I could easily slip the Klutz Cat’s Cradle loop of string into my backpack and bring it to school with me, showing off a Jacob’s Ladder or Cat Whiskers to friends on the bus. I never went to sleepaway camp or learned how to weave plastic lace to make boondoggle bracelets, but finally I had a contribution to make. I felt like I belonged, like I was making myself a part of some bigger whole. I felt — dare I say it? — cool, or at least noticed.
Like so many children of divorce, I was one of those kids who moved around a lot, and my books always moved with us. I rarely had the things everyone else had — we certainly didn’t have the means to be a video game household, we had dial-up internet until I was practically in high-school — but my mom always made sure I could have my books. I learned how to do magic tricks, and make rainbow catchers, paper airplanes and potholders. Once I ran out of the materials the books came with, I realized I could just use regular printer paper or buy embroidery thread at the store to keep making my own crafts.
If I hadn’t eventually discovered the internet, there’s an alternate universe in which I probably could have been a tradwife. By the time I was 10, I was sewing and hand-weaving, crocheting, stuffing stuffed animals, and French-braiding my hair; weird skills for a middle schooler living in the suburbs, but definitely less weird considering my general state of unpopularity. (It turns out the stuff that appealed to my classmates when I was younger made me a freak in middle school, and bringing an embroidery circle kit with you for your bus ride to school is not really a conversation starter). From there, the kinds of life skills I learned grew out of necessity. After school, when my mom was still at work, I’d get dinner ready for us to eat together and watch my little sisters.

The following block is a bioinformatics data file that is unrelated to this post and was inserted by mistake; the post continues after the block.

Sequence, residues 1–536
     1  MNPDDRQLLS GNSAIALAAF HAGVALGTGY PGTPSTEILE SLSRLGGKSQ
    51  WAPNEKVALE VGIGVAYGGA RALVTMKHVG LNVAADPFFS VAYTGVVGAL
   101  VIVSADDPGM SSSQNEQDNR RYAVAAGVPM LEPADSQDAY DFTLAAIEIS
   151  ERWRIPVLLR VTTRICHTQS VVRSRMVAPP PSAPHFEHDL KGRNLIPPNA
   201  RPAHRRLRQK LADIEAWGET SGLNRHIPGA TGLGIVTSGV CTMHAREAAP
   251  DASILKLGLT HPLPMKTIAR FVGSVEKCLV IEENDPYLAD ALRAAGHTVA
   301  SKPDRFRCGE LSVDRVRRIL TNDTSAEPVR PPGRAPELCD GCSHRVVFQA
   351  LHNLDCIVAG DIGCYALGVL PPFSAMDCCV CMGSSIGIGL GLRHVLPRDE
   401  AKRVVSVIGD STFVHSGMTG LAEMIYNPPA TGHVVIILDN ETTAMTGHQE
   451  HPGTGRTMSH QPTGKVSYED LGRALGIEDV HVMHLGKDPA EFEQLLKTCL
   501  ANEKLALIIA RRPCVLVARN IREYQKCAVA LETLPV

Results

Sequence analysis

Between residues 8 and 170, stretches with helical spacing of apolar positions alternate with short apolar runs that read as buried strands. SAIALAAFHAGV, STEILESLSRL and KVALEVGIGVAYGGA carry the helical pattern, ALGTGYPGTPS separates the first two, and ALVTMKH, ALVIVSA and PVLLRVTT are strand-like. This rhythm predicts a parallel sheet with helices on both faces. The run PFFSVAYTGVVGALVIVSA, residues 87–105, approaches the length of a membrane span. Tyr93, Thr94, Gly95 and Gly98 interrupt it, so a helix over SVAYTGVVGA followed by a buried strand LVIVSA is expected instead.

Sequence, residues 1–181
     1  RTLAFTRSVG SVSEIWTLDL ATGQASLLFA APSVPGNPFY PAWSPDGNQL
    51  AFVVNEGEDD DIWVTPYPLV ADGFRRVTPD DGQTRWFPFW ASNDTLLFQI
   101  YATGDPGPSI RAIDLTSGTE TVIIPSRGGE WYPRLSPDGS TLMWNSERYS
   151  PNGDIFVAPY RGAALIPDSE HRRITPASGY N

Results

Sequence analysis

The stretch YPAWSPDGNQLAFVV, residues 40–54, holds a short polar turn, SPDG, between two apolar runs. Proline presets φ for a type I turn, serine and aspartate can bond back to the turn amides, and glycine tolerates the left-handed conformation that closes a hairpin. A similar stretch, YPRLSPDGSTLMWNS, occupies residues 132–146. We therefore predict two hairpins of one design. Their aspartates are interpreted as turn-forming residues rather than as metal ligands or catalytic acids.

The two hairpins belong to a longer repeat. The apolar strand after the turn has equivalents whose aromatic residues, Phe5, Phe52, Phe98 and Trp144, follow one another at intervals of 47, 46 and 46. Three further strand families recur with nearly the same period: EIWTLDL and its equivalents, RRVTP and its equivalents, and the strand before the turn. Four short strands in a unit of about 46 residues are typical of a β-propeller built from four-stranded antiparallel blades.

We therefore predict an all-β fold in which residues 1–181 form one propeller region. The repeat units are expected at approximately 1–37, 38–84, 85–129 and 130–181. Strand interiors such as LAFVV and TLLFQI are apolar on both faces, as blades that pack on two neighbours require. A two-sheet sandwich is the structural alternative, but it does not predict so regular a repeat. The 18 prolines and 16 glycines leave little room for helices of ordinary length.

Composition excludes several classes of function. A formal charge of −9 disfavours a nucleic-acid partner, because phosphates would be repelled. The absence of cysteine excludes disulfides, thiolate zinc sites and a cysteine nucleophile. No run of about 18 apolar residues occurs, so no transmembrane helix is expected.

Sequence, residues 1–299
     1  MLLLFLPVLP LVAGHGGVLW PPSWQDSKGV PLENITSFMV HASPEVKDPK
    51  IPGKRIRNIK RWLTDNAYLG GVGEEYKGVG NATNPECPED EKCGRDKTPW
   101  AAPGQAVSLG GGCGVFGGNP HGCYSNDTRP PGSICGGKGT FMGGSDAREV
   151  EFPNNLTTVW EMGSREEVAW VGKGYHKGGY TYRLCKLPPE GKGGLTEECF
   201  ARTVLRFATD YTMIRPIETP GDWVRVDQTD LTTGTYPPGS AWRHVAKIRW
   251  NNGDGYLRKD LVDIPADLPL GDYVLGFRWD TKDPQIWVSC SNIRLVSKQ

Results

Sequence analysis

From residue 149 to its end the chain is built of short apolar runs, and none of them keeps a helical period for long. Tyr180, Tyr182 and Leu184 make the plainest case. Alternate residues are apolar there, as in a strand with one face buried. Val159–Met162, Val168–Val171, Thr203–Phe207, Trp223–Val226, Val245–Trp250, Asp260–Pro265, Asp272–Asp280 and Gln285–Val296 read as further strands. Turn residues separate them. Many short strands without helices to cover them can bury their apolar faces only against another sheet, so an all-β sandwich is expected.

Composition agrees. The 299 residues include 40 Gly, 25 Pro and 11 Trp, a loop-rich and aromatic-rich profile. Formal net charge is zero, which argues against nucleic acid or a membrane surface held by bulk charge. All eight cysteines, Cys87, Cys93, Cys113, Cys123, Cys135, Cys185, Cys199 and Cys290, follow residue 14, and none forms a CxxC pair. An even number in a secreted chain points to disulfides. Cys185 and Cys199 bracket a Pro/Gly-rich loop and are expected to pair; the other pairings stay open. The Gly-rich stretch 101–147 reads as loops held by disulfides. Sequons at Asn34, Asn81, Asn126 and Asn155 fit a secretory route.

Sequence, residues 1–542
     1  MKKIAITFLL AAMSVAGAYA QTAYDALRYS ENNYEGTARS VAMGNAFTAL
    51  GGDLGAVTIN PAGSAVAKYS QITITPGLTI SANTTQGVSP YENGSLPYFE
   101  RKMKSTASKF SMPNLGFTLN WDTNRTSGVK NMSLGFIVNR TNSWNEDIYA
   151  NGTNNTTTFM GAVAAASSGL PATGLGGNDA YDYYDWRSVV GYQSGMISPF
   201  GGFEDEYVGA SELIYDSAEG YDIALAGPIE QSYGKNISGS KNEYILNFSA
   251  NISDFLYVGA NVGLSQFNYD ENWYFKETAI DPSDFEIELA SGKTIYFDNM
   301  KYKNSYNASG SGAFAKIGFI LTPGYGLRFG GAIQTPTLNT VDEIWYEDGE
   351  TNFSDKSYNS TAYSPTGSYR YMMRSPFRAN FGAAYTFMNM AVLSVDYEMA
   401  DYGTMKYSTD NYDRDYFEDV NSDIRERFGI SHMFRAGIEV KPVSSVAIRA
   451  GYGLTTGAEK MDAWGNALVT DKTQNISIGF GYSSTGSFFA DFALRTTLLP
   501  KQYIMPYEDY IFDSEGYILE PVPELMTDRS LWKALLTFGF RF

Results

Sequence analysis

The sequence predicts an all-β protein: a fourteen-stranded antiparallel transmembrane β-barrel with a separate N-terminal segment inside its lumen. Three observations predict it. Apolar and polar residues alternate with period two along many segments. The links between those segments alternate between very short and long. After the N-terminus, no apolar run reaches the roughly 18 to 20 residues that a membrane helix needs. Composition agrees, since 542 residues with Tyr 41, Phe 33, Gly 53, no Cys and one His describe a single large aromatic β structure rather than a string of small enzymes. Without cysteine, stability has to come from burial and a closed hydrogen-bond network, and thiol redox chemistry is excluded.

A lot of these little hobbies, crafts and tasks have sort of metastasized into normal adult life skills. I still cook and bake a lot, and my muscle memory would probably kick in if I had to do a French braid right now or make a friendship bracelet. At the start of the pandemic, when you couldn’t swipe down your Instagram feed without seeing a loaf of sourdough bread, and everyone seemed newly committed to making stuff and learning new skills, it f dawned on me that I should buy a Klutz book.
But I was overwhelmed by the options available to Klutz-heads now — did I want the Klutz Marvelous Book of Magical Horses, or the Klutz LEGO Gadgets Science/STEM Activity Kit? I never made a decision. And then last week, when I was doing the final dregs of my Christmas shopping, I was on Bookshop.org’s website and typed in “Klutz book,” just to see what I’d find. Lo and behold, the iconic Klutz Friendship Bracelets book — complete with skeins of embroidery floss, beads, and even a workspace and plastic Klutz clip — showed up, mine for the low, low price of $15.59. How could I pass on that? It’s going to be a long winter. I might as well do something to appeal to that tactile side of my lizard brain. I guess it’s time for the Klutzaissance.